EPA Proposes New PFAS Regulations for Drinking Water
Two years after the EPA published its 2021 decision to regulate per- and polyfluoroalkyl substances (PFAS) under the Safe Drinking Water Act, the agency has proposed new federal limits for PFAS in drinking water.
The proposed National Primary Drinking Water Regulation, announced March 14, would set standards for six PFAS and require public utilities to monitor their water systems for these chemicals and take action to reduce them. The proposed rule will be published in the Federal Register and go through the public comment process before being finalized, which the EPA expects to occur by the end of 2023.
The proposal would set limits of 4.0 parts per trillion (ppt) for PFOA and PFOS, two types of PFAS commonly found in drinking water. Four other PFAS — PFHxS, PFNA, PFBS and GenX — would be subject to different maximum contaminant levels based on a hazard index calculation.
These new limits could significantly impact public drinking water systems that are vulnerable to PFAS contamination, manufacturers and users of PFAS, and downstream distributors.
To help with public understanding of the proposal’s impacts, the EPA is holding webinars on March 16 and March 29. A public hearing is scheduled for May 4; registration is required, and April 28 is the last day to register to speak.
Read more about the proposed regulation:
- Proposed PFAS National Primary Drinking Water Regulation
- Biden-Harris Administration Proposes First-Ever National Standard to Protect Communities from PFAS in Drinking Water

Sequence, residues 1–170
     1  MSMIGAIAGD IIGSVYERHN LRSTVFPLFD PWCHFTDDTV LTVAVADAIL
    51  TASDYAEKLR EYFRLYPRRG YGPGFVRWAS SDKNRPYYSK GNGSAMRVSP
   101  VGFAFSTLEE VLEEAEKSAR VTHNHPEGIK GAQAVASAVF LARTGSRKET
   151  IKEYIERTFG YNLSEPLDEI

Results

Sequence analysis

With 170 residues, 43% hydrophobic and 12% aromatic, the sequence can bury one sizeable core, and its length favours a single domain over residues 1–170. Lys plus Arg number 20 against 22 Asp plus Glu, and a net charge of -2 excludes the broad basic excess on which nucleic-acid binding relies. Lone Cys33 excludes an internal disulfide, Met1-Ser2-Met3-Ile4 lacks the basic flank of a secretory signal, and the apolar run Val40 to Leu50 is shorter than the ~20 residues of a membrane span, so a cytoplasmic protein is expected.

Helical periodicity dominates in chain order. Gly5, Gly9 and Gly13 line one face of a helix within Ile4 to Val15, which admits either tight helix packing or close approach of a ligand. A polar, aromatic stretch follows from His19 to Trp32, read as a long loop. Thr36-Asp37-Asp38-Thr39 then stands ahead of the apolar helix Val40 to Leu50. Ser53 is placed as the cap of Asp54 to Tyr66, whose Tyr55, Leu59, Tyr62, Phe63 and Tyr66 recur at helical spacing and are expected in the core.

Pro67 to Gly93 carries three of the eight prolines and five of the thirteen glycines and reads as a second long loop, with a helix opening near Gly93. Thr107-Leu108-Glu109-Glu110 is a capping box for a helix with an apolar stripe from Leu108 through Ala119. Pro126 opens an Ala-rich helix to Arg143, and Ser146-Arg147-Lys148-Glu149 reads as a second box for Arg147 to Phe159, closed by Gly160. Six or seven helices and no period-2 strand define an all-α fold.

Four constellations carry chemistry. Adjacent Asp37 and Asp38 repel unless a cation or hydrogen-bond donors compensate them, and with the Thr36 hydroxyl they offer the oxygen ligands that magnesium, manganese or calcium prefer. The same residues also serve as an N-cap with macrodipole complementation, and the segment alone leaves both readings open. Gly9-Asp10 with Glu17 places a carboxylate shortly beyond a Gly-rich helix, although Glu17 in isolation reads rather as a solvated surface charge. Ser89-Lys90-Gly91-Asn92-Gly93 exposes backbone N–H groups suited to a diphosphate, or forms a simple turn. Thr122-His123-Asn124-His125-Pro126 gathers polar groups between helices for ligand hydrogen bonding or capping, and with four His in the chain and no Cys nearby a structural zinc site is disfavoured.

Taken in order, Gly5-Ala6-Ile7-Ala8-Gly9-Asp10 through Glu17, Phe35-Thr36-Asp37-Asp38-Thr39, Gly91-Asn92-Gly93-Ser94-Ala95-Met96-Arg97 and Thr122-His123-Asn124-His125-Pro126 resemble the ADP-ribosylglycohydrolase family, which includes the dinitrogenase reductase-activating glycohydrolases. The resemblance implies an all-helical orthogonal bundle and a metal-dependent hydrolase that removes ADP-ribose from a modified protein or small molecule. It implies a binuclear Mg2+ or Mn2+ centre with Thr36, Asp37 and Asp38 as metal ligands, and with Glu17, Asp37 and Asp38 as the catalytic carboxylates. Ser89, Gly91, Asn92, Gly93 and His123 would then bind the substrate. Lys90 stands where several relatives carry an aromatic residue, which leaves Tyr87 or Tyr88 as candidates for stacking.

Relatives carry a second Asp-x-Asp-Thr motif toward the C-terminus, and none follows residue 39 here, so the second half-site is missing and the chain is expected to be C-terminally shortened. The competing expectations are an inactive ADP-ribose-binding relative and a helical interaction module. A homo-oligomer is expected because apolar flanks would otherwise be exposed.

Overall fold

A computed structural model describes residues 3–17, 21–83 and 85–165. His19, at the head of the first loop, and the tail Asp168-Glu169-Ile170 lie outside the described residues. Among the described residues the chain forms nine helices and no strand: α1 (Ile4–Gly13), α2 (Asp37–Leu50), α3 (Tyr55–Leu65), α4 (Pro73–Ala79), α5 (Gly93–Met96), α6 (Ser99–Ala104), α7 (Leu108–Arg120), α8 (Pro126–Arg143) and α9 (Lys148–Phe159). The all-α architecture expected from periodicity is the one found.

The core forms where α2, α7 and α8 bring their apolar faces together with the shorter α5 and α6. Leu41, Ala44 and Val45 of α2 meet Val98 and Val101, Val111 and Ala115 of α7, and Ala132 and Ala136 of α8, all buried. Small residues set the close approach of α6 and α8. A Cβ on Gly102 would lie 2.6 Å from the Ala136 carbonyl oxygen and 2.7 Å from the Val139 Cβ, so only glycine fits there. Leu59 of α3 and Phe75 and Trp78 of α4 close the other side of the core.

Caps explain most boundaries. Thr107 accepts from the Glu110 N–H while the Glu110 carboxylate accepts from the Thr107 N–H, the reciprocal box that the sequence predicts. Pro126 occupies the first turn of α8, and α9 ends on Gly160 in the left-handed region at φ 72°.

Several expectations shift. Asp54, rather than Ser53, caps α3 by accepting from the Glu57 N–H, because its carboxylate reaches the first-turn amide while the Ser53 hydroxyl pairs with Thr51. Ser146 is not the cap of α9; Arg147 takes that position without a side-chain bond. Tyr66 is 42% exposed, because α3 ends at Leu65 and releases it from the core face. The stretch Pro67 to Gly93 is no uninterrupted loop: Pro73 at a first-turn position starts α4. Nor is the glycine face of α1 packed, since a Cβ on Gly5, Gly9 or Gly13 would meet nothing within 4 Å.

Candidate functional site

In addition to the proposed new NPDWR on PFAS, EPA is also moving toward finalizing its rule designating PFOA and PFOS as CERCLA “hazardous substances.” This rule would create new reporting obligations for spills and have other impacts, including:
- Adding more sites to the National Priorities List
- Increasing costs at sites currently being studied and remediated if the parties are required to address PFOA and PFOS
- Potentially reopening existing Superfund sites if EPA determines that previously completed remedial actions no longer protect human health and the environment
What Utilities Can Do Now
- Sign up for an EPA webinar on March 16 or March 29.
- Start considering how PFAS monitoring and removal would fit into your budget plans.
- Monitor the EPA’s May 4 public hearing.
How Freese and Nichols Can Help
With our team’s expertise and experience in environmental science and water treatment, we can assist you with PFAS regulatory compliance, testing, remediation, planning/funding and program management.
To learn more, contact David Jackson, firstname.lastname@example.org, or Viraj deSilva, email@example.com